CFA CFA General CFA Topic Deep Dive: Your Guide to Understanding Diversification

CFA Topic Deep Dive: Your Guide to Understanding Diversification

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    • Zee Tan
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      CFA Topic Deep Dive: Your Guide to Understanding Diversification

      Intro by Zee In prepping for your CFA exams, one of the most frustrating things that can happen is that your mind simply refuses to grasp a particular concept. Often, you may be forced into blind…

      Read the full story here

    • tuckandturn
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      Miguel and Mykola,

      Thanks for the nice writeup. After checking out the spreadsheet that was provided I have a question about the correlation calculation.

      Since my version of the spreadsheet does not display the formulas (only the results) of the “Correlations” tab I was unable to see how the comparison was made for ETFs that had differing start points. For example: SIL only goes back to 2010, but GLD goes back to 2006. Mean returns will vary – it seems – if:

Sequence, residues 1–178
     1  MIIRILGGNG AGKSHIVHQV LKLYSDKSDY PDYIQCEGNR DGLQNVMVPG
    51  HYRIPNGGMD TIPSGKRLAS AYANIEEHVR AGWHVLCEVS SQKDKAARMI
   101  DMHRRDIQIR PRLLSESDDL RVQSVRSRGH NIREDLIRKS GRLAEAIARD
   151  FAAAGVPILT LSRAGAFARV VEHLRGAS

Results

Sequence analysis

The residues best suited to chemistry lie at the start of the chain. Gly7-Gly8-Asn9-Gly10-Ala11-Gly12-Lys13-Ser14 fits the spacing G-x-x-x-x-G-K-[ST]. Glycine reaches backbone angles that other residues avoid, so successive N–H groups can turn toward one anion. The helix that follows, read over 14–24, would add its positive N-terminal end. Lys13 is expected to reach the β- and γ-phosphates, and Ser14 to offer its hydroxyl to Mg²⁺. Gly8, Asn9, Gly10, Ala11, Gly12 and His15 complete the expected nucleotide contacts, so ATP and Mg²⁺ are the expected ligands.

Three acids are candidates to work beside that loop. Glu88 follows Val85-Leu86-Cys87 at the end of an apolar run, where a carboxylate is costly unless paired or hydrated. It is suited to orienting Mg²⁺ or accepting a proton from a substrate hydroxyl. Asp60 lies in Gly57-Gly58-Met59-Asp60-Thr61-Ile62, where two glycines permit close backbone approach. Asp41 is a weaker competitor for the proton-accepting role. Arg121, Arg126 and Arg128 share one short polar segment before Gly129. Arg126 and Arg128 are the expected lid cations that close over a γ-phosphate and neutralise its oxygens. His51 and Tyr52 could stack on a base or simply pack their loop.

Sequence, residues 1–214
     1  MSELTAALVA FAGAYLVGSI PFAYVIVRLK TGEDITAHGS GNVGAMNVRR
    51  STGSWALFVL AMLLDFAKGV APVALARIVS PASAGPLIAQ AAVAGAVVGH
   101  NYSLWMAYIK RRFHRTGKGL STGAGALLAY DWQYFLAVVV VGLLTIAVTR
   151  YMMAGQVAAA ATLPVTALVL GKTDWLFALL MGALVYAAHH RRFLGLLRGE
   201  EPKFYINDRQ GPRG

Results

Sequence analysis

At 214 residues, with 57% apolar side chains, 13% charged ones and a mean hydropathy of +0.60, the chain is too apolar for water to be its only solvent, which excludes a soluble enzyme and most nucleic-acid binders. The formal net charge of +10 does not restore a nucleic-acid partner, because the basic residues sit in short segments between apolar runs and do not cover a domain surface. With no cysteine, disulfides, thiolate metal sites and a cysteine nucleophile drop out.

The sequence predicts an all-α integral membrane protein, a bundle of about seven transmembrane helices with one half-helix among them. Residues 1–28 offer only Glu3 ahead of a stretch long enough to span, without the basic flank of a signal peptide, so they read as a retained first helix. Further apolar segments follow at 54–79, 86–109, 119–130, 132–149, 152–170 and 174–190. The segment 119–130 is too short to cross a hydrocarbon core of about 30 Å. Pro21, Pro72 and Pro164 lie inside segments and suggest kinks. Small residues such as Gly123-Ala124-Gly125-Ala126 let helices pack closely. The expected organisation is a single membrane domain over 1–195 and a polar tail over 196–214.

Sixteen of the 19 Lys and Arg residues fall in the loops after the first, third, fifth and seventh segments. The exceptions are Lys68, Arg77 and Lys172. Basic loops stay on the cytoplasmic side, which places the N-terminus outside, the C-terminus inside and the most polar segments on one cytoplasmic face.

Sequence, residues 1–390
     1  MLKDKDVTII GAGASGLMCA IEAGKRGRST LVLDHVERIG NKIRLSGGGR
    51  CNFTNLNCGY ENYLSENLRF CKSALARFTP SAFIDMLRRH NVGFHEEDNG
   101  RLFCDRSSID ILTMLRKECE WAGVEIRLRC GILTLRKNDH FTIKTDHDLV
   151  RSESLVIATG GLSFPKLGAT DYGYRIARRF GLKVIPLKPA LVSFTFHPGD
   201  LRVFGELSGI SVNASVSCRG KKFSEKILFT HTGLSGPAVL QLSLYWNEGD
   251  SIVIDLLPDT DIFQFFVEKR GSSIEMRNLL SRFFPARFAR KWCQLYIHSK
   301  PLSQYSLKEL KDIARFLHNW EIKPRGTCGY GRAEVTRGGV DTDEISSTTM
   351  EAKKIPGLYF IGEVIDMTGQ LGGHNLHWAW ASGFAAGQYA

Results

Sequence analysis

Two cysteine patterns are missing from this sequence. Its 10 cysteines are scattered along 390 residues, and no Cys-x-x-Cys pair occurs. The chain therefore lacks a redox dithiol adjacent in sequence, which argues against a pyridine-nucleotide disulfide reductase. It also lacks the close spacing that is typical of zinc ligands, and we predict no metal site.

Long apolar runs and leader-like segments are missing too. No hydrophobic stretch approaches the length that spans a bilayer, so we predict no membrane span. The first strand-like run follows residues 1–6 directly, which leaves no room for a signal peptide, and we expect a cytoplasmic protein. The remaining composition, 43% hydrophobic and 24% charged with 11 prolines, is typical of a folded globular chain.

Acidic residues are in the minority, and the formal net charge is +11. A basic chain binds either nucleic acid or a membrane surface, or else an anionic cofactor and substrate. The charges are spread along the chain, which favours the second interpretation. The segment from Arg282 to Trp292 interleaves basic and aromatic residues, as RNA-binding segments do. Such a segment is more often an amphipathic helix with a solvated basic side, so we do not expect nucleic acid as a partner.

1) the empty rows in SIL are included back to GLD’s start point,
      2) GLD is averaged back to 2006, but SIL is averaged back to 2010
      3) GLD is only averaged as far back as there is data for SIL.

      Could you please comment more on how these differences should be handled?

      Many thanks!

    • F_A_Warrior
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      @tuckandturn:

      Hi tuckandturn, thats actually a very relevant question . When you compute correlation in Excel, the two assets need to have the same number of values so if there are no values for one of the assets, it will just ignore those cells and the corresponding cells for the other assets. For the GLD vs. SIL example, the correlation will be computed only up until 2010 and all GLD data prior to 2010 will be ignored. In other words, the most recent date of the two is used.

      This also means that some correlations on the table are based on 10 years of data while others, involving more recent assets such as the junior gold minors or the Israel ETFs, are based on much less data.

      Also, the reason it does not display the formulas is that I used the correlation tool in the data analysis add-in on Excel. It is a much quicker way to build a correlation matrix. The data analysis tool also helps you build a variance covariance matrix which is helpful in portfolio optimization.

      I hope this answers your question, feel free to ask if you have other questions.

      Cheers!

      Miguel Romain
      Financial Analyst Warrior

    • tuckandturn
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      @Maguel – thank you for taking the time to answer my question(s). That should do it, thanks so much!

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